I am also going to assume that any of the 4 overloading principles are both dependent on exercise and body type. ( The reason I am assuming this is that, I remember reading something Poliquin said " depending on someones physical profile certain exercises will be of beneficial to then and some will yield less favorable results)

Thanks for the knowledge

[quote]Charles3264 wrote:
CT what do you think about a training day i m doing…

-goodmorning squats 6 x 3-5 reps negatives 5 seconds
-deadlifts to romanian deads 6 x 3-5 reps negatives 5 sec.
-push press (same reps same negs)

  • 1 leg box squats 6x3-5 rep 5 sec negs
    -forward lean dips to triceps dips 6x 3-5 5 sec negs
    -hang cleans to rev curls 6x 3-5 5 secs negs

all the concentric is explosive…while the eccentric is 5 seconds negatives.
It looks like it targets few stuff you talk about…

Thanks

[/quote]

Not only that, looks like your trainer has read my second book as many of the two-movements technique exercises are explained in the book. Either that or he is even smarter than I thought!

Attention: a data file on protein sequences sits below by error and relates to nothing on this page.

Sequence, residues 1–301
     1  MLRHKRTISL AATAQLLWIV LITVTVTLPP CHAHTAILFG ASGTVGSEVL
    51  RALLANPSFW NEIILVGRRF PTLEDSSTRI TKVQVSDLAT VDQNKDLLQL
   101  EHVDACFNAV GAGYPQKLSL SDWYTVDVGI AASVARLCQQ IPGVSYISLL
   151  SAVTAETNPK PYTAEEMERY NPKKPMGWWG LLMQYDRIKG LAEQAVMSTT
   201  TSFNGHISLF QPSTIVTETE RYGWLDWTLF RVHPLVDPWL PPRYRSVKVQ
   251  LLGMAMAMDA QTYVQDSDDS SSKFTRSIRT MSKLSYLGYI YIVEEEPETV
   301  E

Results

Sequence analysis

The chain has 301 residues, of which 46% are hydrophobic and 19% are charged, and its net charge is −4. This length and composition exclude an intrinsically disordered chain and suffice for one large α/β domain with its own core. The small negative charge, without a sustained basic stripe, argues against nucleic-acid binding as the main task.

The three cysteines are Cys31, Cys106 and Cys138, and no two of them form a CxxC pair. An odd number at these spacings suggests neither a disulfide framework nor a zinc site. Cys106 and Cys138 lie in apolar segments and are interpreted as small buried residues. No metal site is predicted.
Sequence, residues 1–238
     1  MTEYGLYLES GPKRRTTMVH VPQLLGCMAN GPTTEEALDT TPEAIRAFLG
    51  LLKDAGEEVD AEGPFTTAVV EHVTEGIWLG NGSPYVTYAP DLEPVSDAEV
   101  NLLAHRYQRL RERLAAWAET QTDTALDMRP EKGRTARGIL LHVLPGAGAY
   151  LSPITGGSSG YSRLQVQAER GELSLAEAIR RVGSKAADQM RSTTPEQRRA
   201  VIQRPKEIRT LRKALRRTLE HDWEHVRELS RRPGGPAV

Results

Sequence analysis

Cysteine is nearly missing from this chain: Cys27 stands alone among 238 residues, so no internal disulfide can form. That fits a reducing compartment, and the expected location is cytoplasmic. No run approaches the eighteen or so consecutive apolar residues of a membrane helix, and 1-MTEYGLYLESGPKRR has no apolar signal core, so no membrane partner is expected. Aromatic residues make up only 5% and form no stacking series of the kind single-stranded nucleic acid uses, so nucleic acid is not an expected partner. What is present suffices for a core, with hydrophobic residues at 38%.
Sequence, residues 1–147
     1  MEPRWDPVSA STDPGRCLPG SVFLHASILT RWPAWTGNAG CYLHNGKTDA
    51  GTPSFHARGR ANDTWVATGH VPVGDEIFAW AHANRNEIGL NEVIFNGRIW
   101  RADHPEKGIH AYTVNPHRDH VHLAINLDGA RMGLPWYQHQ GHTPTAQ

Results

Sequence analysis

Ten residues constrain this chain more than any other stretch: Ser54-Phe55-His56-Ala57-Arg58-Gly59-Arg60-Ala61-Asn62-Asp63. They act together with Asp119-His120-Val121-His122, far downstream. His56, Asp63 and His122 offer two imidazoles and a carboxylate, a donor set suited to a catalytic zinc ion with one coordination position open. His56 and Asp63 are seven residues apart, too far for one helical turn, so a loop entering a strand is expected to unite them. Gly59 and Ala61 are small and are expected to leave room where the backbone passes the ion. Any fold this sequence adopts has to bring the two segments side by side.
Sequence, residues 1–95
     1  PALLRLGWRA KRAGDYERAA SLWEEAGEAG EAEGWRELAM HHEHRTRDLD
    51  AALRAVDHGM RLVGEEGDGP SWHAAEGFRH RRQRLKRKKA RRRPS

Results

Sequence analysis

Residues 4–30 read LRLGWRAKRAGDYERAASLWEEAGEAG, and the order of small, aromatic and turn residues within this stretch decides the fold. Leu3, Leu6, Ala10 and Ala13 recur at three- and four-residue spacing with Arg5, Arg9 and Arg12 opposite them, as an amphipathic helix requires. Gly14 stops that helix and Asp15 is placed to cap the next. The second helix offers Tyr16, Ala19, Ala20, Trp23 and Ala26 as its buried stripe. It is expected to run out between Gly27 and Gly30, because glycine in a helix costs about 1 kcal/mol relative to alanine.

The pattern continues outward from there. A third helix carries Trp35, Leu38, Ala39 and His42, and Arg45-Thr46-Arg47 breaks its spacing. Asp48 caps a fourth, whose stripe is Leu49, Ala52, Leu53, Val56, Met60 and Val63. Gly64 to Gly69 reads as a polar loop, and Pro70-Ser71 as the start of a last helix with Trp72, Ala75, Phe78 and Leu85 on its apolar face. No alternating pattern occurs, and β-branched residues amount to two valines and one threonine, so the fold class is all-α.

I would like to see more autoregulation regarding sets, but the rest is very good.

[quote]Christian Thibaudeau wrote:
Charles3264 wrote:
CT what do you think about a training day i m doing…

-goodmorning squats 6 x 3-5 reps negatives 5 seconds
-deadlifts to romanian deads 6 x 3-5 reps negatives 5 sec.
-push press (same reps same negs)

  • 1 leg box squats 6x3-5 rep 5 sec negs
    -forward lean dips to triceps dips 6x 3-5 5 sec negs
    -hang cleans to rev curls 6x 3-5 5 secs negs

all the concentric is explosive…while the eccentric is 5 seconds negatives.
It looks like it targets few stuff you talk about…

Thanks

Not only that, looks like your trainer has read my second book as many of the two-movements technique exercises are explained in the book. Either that or he is even smarter than I thought!

I would like to see more autoregulation regarding sets, but the rest is very good.

[/quote]
Thanks CT
Seriously i dont know if he has read your books,( ill ask him) but i know that he has a lot of knowledge(strenght and powerlifting)…and like i said earlier its crazy how it made good results.

Can you please explain me the autoregulation part please…thanks(french guy here :frowning: